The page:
- Medication that relaxes blood vessel walls. Drugs called endothelin receptor antagonists are medications that reverse the effect of endothelin, a substance in the walls of blood vessels that causes them to narrow. One of these medications, bosentan (Tracleer), may improve your energy level and symptoms by lowering the resistance in your lung arteries. If you take bosentan, you'll need monthly liver monitoring because the drug can damage your liver.
- Sildenafil and tadalafil. Sildenafil (Revatio, Viagra) and tadalafil (Cialis, Adcirca) are sometimes used to treat high blood pressure in your pulmonary arteries caused by Eisenmenger syndrome. These drugs work by opening the blood vessels in the lungs to allow blood to flow through more easily. Side effects include upset stomach, dizziness and vision problems.
- Antibiotics. Depending on your condition, you may need to take antibiotics before having certain dental and medical procedures. These procedures may allow bacteria to enter your bloodstream. Antibiotics taken before these procedures can help destroy or control the harmful bacteria that may lead to an infection of your heart's tissues (endocarditis).
Surgeries or other procedures
If your red blood cell count becomes too high and is causing symptoms such as headache, difficulty concentrating or vision problems, your doctor may recommend having blood drawn to help decrease your blood cell counts. The blood draw procedure is called phlebotomy. It should not be done routinely and should only be done after consultation with a congenital heart disease expert. You should receive IV fluids when having blood drawn to help replace the lost fluids.
Some people who have Eisenmenger syndrome may eventually need a heart and lung transplant or a lung transplant with repair of the hole in the heart if other treatments don't control your symptoms.
Explore Mayo Clinic studies testing new treatments, interventions and tests as a means to prevent, detect, treat or manage this condition.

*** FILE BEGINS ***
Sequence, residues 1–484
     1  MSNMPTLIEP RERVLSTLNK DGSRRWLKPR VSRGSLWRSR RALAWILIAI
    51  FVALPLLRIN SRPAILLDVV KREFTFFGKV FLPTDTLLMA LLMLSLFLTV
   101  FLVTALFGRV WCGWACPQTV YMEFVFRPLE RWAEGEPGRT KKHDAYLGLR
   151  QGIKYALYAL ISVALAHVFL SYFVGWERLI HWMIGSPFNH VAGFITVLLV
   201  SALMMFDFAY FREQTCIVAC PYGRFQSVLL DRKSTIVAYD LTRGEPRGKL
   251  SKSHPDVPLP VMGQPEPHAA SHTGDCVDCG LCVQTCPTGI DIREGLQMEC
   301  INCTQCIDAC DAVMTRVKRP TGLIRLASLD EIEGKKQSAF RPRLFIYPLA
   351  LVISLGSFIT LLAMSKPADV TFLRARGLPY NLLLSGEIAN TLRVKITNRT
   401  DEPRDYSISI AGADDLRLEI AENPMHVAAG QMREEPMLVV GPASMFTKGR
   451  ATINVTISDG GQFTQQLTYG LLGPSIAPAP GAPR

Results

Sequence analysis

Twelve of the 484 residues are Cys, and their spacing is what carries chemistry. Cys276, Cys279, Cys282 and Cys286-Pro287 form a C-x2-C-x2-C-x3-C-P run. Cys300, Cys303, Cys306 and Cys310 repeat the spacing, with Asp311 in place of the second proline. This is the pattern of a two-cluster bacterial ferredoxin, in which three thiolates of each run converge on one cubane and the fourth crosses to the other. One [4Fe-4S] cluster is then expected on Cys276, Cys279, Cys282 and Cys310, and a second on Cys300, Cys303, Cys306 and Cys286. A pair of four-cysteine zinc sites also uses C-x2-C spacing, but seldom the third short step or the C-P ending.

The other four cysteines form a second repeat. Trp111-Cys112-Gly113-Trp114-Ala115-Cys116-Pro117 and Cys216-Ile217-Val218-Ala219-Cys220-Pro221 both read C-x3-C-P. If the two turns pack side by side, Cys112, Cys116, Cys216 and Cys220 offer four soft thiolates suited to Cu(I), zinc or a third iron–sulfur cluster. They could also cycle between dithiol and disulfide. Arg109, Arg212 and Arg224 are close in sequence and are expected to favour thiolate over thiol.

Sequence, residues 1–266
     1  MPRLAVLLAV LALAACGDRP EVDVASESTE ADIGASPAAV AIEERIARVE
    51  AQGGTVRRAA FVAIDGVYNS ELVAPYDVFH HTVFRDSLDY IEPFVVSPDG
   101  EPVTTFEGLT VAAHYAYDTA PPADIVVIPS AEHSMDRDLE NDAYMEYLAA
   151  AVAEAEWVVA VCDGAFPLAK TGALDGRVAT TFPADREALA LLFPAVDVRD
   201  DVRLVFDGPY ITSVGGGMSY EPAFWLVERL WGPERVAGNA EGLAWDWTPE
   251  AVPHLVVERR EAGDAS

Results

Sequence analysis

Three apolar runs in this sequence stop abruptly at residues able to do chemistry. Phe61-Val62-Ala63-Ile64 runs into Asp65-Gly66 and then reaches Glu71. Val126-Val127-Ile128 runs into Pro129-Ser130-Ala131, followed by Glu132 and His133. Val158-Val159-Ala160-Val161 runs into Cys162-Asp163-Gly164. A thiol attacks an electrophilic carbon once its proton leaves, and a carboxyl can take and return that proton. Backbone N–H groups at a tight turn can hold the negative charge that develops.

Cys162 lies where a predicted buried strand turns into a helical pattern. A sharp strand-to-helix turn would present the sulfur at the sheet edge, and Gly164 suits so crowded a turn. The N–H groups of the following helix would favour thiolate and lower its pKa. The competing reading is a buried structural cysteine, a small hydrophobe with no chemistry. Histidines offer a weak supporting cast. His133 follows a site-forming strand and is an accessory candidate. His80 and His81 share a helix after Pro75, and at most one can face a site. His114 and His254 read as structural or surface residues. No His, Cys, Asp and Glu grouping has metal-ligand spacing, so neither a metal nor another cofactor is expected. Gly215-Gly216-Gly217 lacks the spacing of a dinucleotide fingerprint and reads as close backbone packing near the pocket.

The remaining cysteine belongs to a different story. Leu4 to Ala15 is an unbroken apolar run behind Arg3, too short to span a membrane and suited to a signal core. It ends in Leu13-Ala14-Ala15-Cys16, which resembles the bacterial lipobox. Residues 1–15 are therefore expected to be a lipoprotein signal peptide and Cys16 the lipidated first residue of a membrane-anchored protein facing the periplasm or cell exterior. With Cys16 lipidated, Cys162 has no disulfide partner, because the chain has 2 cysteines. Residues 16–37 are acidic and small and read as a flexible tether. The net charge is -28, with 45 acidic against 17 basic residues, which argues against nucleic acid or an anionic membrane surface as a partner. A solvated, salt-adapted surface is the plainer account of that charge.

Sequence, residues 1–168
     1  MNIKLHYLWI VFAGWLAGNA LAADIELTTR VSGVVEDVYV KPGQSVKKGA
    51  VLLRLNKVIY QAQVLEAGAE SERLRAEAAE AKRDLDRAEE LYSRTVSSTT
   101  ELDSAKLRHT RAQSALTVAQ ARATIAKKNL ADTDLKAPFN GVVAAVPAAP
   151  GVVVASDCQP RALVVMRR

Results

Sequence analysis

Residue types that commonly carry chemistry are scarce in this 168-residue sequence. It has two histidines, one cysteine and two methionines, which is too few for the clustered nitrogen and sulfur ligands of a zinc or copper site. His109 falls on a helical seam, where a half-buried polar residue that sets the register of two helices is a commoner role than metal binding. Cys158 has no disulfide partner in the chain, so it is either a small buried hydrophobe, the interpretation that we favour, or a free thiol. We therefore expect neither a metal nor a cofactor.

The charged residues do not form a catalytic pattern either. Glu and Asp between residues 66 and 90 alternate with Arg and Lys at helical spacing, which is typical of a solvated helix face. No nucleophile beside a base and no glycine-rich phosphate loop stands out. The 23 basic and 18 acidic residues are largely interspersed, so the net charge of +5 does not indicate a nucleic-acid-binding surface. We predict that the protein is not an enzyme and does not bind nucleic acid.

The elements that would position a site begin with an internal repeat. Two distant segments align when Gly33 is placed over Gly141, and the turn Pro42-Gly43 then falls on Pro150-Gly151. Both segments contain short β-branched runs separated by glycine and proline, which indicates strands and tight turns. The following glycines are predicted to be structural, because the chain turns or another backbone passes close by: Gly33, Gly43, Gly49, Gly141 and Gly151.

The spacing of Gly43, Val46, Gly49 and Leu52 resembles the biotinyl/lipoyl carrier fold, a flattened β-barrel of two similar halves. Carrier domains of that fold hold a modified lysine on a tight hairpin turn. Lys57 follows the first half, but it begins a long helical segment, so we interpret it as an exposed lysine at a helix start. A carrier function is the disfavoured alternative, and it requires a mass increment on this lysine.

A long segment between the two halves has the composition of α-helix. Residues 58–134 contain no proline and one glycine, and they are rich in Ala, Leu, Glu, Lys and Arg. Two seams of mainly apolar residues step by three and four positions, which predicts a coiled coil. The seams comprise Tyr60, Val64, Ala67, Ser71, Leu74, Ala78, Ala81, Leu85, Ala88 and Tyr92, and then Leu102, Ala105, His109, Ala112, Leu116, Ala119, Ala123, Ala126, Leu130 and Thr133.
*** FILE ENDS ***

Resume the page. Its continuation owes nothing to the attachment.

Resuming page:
Lifestyle and home remedies
If you're diagnosed with Eisenmenger syndrome, you can still lead an active life with proper treatment and precautions.
- Avoid dehydration. Ask your doctor how much fluid you need each day. You may need more fluids if you're sick, in a heated room or traveling on an airplane.
- Check with your doctor about exercise restrictions. While you shouldn't perform strenuous exercise or sports, you may be able to do less intense physical activities. Talk to your doctor about what type of physical activity is appropriate for you.
- Avoid high altitudes. Because of the low oxygen levels at high altitudes, the American College of Cardiology and the American Heart Association recommend against living at an altitude of 5,000 feet (1,524 meters) or higher above sea level. Discuss travel by airplane or to high altitudes with your cardiologist for specific recommendations.
- Avoid situations that can excessively lower blood pressure. These include sitting in a hot tub or sauna or taking long hot baths or showers. These activities lower your blood pressure and cause fainting or even death. You should also avoid activities that cause prolonged straining, such as lifting heavy objects or weights.
- Be cautious with any medications and supplements. Many prescription and over-the-counter medications or supplements may increase or decrease blood pressure, increase risk of bleeding or blood clots, or affect kidney function in patients who have Eisenmenger syndrome. Talk to your doctor before taking any supplements or medications.